Greene: Cigarettes — a matter of public health or personal freedom?

(Volver Avanzar/Flickr)

I’m not a smoker, but that didn’t stop my libertarian senses from rampaging when the Lane County Board of Commissioners raised the minimum tobacco purchasing age to 21.

The issue was not put to a citizen vote or even discussed much in the community prior to passing — it felt like the Man pulled the freedom out from under our pillows while we were sleeping and left a half-assed note behind making vague promises about “public health.”

Concerns for public health made sense when smoking was banned from schools, restaurants and bars, but buying cigarettes to smoke in the comfort of one’s own home seems a lot more like private health to me. It is right to protect children from their decisions; we are training them to our ideals. But once adulthood hits the training is over, and the government should not have any say on personal health matters. If Americans can choose to go to war at 18, then they should be able to light up.

But this is about more than the blatant degradation of rights — it’s about the injustice of allowing an addiction to grow and then punishing the population for it.

Sure, studies have shown that raising the smoking age will gradually decrease the amount of smokers, and logic dictates that taking tobacco purchasing rights away from 18-year-old seniors will keep it out of high schools, yada, yada.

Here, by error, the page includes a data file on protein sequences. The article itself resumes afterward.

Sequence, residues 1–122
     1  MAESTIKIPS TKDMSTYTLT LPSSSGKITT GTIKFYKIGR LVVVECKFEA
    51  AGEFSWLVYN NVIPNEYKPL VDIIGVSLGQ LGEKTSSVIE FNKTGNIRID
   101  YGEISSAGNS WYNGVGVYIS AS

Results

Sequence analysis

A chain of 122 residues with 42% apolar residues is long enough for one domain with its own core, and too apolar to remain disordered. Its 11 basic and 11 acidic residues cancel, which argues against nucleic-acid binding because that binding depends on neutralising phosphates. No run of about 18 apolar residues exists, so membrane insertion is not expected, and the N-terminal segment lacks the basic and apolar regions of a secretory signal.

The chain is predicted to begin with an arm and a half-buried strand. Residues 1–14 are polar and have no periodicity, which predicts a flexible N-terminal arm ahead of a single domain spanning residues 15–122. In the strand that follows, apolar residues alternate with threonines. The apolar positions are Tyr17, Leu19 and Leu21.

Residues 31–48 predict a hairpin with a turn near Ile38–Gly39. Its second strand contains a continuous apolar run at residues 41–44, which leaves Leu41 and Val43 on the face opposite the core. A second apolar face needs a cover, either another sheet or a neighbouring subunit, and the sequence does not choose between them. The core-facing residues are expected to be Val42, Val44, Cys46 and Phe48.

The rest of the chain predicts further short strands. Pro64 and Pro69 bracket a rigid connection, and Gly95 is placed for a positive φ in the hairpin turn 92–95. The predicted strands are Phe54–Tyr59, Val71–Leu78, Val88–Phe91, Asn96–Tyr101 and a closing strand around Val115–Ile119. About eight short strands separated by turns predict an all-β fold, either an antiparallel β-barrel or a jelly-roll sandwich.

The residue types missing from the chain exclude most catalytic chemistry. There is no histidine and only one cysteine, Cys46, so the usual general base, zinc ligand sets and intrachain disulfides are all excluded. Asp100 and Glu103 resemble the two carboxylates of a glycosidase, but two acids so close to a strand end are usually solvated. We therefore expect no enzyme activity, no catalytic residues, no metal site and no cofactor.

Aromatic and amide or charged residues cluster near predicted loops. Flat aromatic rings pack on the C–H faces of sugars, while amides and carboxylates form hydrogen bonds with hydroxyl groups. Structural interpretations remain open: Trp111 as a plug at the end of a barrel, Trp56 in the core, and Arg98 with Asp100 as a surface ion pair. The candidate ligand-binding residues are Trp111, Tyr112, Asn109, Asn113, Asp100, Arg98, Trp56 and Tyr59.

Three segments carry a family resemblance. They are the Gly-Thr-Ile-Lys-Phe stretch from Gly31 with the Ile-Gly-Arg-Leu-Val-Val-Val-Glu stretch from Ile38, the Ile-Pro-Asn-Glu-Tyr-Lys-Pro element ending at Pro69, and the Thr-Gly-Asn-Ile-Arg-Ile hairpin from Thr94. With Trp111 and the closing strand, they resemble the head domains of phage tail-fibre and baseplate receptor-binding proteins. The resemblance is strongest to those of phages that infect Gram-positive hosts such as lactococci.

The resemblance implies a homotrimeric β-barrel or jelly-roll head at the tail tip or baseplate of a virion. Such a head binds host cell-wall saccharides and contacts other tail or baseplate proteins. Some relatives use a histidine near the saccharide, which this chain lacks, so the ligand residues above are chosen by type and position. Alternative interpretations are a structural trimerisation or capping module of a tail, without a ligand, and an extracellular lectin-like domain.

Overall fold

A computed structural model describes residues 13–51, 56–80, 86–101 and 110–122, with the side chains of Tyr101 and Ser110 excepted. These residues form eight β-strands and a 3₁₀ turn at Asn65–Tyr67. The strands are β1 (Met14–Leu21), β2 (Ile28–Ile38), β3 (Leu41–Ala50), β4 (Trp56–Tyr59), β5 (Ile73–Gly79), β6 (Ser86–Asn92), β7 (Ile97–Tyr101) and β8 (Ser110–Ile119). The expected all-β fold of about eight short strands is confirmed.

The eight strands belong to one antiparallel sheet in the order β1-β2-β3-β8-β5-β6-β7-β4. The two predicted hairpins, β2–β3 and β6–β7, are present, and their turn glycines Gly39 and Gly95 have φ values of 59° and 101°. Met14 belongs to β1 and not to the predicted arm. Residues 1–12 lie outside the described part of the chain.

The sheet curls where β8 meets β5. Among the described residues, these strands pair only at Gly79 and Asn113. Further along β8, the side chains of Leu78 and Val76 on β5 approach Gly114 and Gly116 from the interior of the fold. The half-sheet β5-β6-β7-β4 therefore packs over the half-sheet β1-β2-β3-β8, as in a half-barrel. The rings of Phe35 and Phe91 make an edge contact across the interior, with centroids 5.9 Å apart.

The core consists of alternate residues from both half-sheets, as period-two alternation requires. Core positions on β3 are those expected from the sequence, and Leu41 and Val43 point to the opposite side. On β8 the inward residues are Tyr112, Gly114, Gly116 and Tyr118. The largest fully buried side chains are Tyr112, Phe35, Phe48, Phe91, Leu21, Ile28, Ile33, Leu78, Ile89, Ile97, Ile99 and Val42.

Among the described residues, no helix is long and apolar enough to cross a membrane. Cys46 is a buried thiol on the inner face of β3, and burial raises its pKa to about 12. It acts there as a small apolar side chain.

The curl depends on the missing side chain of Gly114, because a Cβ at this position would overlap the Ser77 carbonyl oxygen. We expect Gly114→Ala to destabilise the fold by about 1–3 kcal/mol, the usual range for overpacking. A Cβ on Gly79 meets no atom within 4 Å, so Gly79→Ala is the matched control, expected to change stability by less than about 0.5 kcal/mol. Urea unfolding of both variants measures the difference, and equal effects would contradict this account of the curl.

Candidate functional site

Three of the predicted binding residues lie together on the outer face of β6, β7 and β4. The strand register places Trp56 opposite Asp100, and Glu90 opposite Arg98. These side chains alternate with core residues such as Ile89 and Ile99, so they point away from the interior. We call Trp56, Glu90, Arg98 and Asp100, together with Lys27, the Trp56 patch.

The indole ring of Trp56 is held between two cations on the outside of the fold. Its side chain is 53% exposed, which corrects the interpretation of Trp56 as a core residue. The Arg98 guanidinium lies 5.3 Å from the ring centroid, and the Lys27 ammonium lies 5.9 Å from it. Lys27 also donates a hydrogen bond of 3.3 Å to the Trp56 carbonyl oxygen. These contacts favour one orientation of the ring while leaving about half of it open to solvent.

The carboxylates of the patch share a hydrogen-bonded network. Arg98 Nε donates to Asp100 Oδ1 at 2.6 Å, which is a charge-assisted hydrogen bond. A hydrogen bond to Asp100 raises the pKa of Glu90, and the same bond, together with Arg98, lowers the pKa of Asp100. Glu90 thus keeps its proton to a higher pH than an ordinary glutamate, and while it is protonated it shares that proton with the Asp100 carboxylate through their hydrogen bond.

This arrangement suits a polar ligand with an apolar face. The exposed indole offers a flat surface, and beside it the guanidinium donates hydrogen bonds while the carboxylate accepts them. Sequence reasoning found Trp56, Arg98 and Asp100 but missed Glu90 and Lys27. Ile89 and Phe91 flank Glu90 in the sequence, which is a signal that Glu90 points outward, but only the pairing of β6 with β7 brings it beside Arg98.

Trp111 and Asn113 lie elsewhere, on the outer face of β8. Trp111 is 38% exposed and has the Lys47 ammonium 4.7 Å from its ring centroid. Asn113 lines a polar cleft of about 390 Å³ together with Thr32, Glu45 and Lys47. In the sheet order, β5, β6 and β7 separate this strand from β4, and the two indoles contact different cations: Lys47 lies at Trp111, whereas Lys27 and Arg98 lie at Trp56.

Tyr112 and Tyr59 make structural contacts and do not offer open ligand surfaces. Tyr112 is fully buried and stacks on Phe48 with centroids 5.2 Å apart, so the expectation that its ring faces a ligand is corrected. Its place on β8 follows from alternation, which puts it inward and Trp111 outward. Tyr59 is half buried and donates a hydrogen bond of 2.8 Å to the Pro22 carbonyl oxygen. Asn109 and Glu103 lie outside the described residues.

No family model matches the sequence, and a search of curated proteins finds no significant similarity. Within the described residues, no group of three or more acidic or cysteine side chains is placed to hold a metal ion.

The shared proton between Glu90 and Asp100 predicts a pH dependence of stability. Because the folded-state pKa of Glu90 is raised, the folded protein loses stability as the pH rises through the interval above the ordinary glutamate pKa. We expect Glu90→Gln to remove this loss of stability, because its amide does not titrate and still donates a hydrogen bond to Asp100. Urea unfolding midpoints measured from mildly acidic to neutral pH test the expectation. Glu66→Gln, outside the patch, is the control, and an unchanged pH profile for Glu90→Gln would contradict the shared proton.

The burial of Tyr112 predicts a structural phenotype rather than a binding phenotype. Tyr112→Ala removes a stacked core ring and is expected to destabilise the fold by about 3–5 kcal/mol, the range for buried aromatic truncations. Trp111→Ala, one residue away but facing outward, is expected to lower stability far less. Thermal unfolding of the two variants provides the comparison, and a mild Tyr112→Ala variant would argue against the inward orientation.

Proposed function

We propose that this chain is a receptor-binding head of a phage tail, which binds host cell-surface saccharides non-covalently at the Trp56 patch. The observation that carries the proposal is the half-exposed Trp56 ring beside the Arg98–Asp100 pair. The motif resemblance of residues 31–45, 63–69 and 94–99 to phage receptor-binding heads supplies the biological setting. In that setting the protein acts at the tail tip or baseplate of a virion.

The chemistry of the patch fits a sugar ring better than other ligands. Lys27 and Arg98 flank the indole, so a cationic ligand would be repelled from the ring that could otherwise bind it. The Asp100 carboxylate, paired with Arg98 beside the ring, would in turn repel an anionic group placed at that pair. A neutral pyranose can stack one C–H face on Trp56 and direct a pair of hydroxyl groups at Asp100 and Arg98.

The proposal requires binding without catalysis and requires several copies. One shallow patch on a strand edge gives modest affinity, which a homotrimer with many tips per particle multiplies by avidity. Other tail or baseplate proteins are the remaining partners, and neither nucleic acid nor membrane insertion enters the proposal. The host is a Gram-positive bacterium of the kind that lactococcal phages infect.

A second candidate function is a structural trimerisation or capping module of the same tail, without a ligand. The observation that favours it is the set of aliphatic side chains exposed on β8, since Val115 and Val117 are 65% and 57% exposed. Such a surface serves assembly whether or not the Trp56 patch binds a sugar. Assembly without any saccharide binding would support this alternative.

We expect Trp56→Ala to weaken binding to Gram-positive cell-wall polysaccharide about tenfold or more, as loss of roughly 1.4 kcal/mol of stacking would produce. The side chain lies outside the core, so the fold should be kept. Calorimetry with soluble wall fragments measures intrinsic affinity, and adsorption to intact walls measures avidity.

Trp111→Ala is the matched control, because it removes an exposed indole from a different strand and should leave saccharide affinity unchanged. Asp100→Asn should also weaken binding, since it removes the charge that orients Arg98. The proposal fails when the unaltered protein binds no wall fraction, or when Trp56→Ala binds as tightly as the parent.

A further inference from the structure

The fact is, nine out of 10 cigarette smokers take their first drag before 18.

17 year olds who have been smoking in Lane County for years already are not going to quit, they just now have to wait not one, but four years before they can buy their own pack. Worse yet, 19 and 20 year olds who have been legally smoking for years are now going to be turned away at the counter.

It’s one thing for the government to limit smoking, but giving people free range to an addictive substance and then taking it away after they have become dependent will only serve to encourage illegal activities. Nobody expects police to fine a 20-year-old $50 for smoking; that would be outrageous. But often crime is prevented just by the fear of getting caught, and once someone gets away with one crime the next few look more and more inviting. Making a law just for people to break it is inviting a more casual attitude toward crime in general.

A clause that grandfathered in people already 18 when the law passed, letting them continue their purchases, would have helped soften this transition. This would still have cut down on smoking in the long term but made less impact on current smokers. This clause was proposed, but unfortunately not added.

With our freedoms under attack, 20 year olds suddenly being treated like children and the possibility of this law going state-wide, I was expecting protest. I was waiting to hear complaints in the hall, perhaps mini-riots at parties and rage-quitting in the drugstore. So far, I have been disappointed. Most people seem relatively uninterested or outraged for only a moment before growing bored, and some students are downright supportive of the health initiative.

Still, there is hope that come April 13, when the law is put in place, Lane County citizens will feel the impact and push back against the Man. It might be too late to change the law in Lane County, but our county is the state’s guinea pig and if we can prove that Oregonians won’t let the government trample on our rights, then perhaps Oregon will reconsider going statewide with the measure.

So when April 13 rolls around, make some noise. Call a representative, grab a group of friends and protest smoke by city hall, try to buy a pack and test whether the age limit is enforced, throw something. Stand on something tall, shake your fist high and let the Man know — you can’t tread on us.

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